Why young people pirate (Pssst: It's not just about money)

Why do the younger generation and students pirate music, software and television and movies? Failing main street shops? Or plain old exploitation of weak systems? It's not all about the money.
Written by Zack Whittaker, Contributor

Piracy is rife among the Generation Y. With lawsuits threatening students to a disproportionate level and with media and record industries lobbying governments for a change in the law, there is no let up in sight for the piracy problem.

Could it be simply down to the lack of available regional content between the US and Europe? Could it even be down to retailers failing to grasp the online market where others succeed? Do we get a kick out of it and take advantage of insecure systems? Or really, is it just about the money?


After studying this subject for some time, and ethnographically examining the practices of students and young people alike, there are three areas to take into consideration:

  • Money is tight. Unless you get driven to college from your dorm room in a cedar chair, you will be like the rest of us and struggle with money. With our innate mentality for the value of culture, we see 'entertainment as free'.
  • The Internet is the be all and end all of every bit of content there is. If you want it, it will be out there. If you want to watch, listen to or play with something for your computer, you can bet your bottom dollar that someone else out there does too.
  • More often than not, it's simple, or there's a thrill in the chase. It boils down to simplicity of the search and the ease of access to downloadable content. If a system has been exploited, the temptation to take advantage, carte blanche is perceived.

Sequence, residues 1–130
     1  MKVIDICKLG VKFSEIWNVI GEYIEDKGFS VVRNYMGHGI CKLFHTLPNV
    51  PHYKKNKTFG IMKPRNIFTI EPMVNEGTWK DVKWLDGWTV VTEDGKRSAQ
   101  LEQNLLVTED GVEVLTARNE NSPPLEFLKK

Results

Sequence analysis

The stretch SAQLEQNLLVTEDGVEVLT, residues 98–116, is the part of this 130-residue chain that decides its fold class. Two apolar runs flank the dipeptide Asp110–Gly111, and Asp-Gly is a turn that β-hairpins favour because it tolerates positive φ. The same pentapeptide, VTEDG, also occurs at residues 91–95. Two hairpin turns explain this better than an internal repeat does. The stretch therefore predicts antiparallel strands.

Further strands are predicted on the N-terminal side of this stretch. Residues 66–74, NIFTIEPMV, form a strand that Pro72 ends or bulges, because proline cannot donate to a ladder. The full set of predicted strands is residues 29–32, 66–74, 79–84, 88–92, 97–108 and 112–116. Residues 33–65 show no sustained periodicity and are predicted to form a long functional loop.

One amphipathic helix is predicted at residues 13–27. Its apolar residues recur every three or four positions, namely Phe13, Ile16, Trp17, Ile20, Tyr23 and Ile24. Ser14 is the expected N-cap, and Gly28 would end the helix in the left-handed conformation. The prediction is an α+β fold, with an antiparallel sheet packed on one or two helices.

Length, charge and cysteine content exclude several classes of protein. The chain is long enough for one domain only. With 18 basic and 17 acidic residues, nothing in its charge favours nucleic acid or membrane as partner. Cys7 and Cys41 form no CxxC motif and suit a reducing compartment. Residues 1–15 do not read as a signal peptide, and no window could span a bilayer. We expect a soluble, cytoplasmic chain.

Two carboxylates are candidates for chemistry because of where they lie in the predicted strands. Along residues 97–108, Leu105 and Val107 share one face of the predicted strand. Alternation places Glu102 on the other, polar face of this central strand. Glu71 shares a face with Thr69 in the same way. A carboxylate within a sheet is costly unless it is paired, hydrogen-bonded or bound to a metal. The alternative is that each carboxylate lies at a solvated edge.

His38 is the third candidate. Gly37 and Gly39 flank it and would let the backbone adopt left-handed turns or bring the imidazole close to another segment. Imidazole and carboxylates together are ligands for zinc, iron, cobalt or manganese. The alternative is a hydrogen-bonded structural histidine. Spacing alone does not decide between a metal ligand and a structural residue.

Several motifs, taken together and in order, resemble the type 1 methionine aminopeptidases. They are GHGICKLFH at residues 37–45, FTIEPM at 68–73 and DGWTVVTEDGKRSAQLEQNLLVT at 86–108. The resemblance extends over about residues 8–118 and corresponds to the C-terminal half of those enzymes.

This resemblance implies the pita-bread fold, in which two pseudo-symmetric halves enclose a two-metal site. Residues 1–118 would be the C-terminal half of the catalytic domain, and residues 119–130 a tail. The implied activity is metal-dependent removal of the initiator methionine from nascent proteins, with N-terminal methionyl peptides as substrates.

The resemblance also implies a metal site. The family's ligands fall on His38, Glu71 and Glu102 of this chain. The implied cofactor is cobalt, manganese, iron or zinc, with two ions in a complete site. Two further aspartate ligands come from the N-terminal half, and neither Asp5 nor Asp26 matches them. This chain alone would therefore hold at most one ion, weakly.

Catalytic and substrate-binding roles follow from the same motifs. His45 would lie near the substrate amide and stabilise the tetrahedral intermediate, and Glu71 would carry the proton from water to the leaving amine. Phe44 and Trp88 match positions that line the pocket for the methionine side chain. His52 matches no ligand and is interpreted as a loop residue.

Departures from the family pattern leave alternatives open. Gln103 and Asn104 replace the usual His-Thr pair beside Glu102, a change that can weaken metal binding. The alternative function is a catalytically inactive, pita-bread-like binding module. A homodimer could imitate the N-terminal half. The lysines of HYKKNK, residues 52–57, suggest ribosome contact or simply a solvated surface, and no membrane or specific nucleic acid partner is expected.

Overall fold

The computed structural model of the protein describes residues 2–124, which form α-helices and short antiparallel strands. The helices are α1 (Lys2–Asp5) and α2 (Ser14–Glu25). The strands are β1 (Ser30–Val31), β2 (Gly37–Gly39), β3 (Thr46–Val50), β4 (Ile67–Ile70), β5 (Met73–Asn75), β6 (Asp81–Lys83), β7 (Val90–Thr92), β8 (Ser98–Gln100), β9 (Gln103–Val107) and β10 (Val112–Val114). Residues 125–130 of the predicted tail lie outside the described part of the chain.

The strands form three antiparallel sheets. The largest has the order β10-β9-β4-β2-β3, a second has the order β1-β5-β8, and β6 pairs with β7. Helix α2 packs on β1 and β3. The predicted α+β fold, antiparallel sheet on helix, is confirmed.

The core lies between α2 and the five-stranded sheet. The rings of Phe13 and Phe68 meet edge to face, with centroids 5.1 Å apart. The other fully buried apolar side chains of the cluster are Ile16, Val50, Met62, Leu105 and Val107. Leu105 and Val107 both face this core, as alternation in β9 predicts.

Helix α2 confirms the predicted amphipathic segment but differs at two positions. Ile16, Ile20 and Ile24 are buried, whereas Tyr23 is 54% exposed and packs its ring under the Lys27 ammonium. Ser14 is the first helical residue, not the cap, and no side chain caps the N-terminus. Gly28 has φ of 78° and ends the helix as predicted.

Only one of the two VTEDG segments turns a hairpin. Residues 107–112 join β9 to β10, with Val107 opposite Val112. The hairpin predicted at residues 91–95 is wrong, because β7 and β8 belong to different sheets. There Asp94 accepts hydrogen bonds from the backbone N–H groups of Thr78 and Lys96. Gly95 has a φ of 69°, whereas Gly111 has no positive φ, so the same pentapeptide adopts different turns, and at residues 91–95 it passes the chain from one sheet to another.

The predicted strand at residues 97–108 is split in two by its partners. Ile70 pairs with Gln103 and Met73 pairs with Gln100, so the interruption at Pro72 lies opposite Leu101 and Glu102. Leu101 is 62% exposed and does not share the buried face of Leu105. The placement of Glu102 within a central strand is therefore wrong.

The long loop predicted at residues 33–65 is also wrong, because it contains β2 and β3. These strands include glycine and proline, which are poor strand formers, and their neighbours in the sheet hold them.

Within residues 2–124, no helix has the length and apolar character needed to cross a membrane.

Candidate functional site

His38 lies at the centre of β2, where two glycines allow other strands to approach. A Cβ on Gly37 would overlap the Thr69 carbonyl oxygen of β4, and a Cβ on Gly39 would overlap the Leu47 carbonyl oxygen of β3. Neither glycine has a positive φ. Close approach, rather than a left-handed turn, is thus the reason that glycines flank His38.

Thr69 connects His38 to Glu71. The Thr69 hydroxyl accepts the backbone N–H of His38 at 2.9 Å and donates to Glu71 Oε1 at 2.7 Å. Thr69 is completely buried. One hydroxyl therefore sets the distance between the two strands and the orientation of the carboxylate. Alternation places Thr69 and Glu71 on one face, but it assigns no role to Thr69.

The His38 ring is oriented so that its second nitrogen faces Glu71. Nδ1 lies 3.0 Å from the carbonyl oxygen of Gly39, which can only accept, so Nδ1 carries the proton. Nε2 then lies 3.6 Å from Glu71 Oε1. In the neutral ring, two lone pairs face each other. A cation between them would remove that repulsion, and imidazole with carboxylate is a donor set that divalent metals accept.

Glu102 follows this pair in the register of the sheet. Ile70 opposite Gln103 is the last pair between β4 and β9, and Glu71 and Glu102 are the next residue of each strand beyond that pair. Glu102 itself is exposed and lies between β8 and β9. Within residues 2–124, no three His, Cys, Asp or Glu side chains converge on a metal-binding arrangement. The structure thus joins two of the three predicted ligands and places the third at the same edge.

It would be a lie to say that money was not a significant factor for younger people and students alike. But to collate and understand why young people pirate boils down to one easy summarising statement.

The legal options are not as readily available, simple enough nor consistent enough to access. It really is as simple as that.

But there is method to this perceived madness »

Television is perhaps one of the most pirated and easily available content to download illegally within the Generation Y age range. On this side of the pond, European citizens do not get to see the television on offer in the United States because of the lack of availability.

Cable television in England is almost non-existent compared to our US counterparts. Though cable is widely inaccessible, satellite broadcaster Sky takes the vast majority of subscription television viewers. While the digital switchover from analogue television is still underway, Sky still offers premium television often broadcast at the same time as, or within a few days of US broadcasters.


In essence, you can watch popular US television programming if you have a subscription to a premium broadcaster and have satellite hardware on your roof.

Student households will rarely be permitted to install a satellite dish on the roof, let alone be able to afford the investment. Students often move houses each academic year making this rarely a viable option.

US students have the option to watch television on-demand online, even without a cable subscription. This is wholly dependent, however. On-demand television is widely available from individual broadcasters, but in short, the best crime fighting, ninja busting, heart-racing television comes straight from the States.